The bottom line is that while this is a huge startup cost, it’s important to realize that this is also an investment in your business. The more quality tools and equipment you have, the better job you’ll do and the more clients you’ll gain because of your work.

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Great Resignation: How to beat Great Resignation with Employee Experience



Great Resignation: How to beat Great Resignation with Employee Experience

Great Resignation

The world was forever changed in late 2019 when the Coronavirus made its appearance. Countries shut down. Streets were empty. Companies held as best they could or were forced to close their doors. Many would believe that such an event would lead to employees wanting to hold on to their jobs. Typically, large numbers of resignations signify a good economy and abundant availability of jobs allowing people to follow passions instead of necessity.

Post-COVID employee experience is much different.

For two years, and some a bit more, people were forced to spend time alone, realigning the importance of human interaction, well-being, and happiness. This drive for more personal fulfilment, satisfaction, and growth stemmed The Great Resignation.

No longer were employees basing staying with jobs out of need or comfortability. Now they look for work-homelife balance, greater satisfaction and better employee experiences, or they will leave. So how do companies face this? How do they increase employee retention and improve employee engagement?

The secret is in employee experience.

Holistic Employee Experience

There are, of course, no quick fixes for the Great Resignation, small wins can motivate and drive longer-term goals for your organization. The Great Resignation—and COVID by extension—taught many employees that life meant so much more. That the daily grind working in offices with long commutes, stress, lack of rest or relaxation, and the hustle of strenuous work weeks while normal was not conducive to happiness and mental well-being.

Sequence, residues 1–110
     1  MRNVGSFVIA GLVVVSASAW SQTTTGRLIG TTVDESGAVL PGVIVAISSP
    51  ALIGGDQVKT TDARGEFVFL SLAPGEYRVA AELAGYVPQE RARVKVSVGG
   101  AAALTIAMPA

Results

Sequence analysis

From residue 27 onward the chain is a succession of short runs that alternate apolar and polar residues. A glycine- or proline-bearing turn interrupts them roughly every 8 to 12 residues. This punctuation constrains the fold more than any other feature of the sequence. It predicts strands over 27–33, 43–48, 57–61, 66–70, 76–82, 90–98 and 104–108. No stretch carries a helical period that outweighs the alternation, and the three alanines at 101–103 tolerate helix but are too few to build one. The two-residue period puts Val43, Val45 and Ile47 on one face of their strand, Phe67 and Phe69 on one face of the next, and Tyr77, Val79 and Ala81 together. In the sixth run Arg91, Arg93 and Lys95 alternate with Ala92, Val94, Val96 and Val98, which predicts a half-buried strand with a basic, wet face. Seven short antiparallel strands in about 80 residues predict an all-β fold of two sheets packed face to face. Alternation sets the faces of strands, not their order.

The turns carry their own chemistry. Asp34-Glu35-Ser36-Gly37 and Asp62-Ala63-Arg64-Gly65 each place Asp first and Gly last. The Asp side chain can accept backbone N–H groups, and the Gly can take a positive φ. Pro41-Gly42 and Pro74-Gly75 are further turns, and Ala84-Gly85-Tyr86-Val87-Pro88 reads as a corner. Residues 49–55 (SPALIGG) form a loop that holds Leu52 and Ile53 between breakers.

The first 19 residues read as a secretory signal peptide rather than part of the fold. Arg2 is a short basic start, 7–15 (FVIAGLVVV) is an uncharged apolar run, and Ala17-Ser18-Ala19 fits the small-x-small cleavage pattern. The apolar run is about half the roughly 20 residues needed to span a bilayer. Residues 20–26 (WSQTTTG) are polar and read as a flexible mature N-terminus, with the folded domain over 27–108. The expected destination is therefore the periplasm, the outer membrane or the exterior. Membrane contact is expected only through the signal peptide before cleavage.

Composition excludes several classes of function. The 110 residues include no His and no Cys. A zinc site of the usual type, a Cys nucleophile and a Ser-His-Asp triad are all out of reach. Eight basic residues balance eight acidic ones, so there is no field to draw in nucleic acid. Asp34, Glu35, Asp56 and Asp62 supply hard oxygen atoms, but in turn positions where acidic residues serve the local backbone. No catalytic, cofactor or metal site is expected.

But this shift can be used as a blueprint for better employee experience!

Companies who work on being human-centric in ideals, strategies, and decision-making can improve greatly their chances of stemming mass exodus. Post-covid employee experience is now the new golden standard, and it looks at taking a more comprehensive and holistic view of experiences.

How can you be more holistic and how does it help?

  1. Think beyond probationary periods – Your employees are more important than the first 30, 60, or 90 days of employment, and yet many companies stop professional development and training after these dates. Normalize career growth, evaluations, employee 360 reports, and feedback loops to keep learning and advancement in the scope of your employees. While doing this, you’re also keeping your strategies and Key Performance Indicators—KPIs—fresh as you go.
  2. Communication is key – Talk to your employees about what they need, want, desire, and what their ambitions may be. Learn your people like you want them to learn your company. With transparent and open communication, you are engaging with your employees and creating an environment of consistency, openness, and inclusion—aspects employees’ desire.
  3. Employee-centric Corporate Culture – It may seem like the best idea is to center your company culture around the company’s values, vision, and strategies, but this is only half the battle. Integrating employee experience into the fabric of company culture ensures the company is as focused on their employees’ happiness as their own. It creates a bond to grow engagement, which has an effect on employee satisfaction and experience. As these rates increase, so to can employee retention numbers and customer experiences.
  4. Life and work-balance Erasure – Should your employees have to ask for more work-life balance? No, they shouldn’t. When built directly into work environments or expectations, it becomes something standard instead of something to be sought after. Examples of this could be:
    1. Flex hours
    1. Unlimited PTO
    1. Work-from-home or hybrid offerings
    1. Expanded benefits to include mental health and free resources
    1. Altered work hour schedules

Rise of Human Experience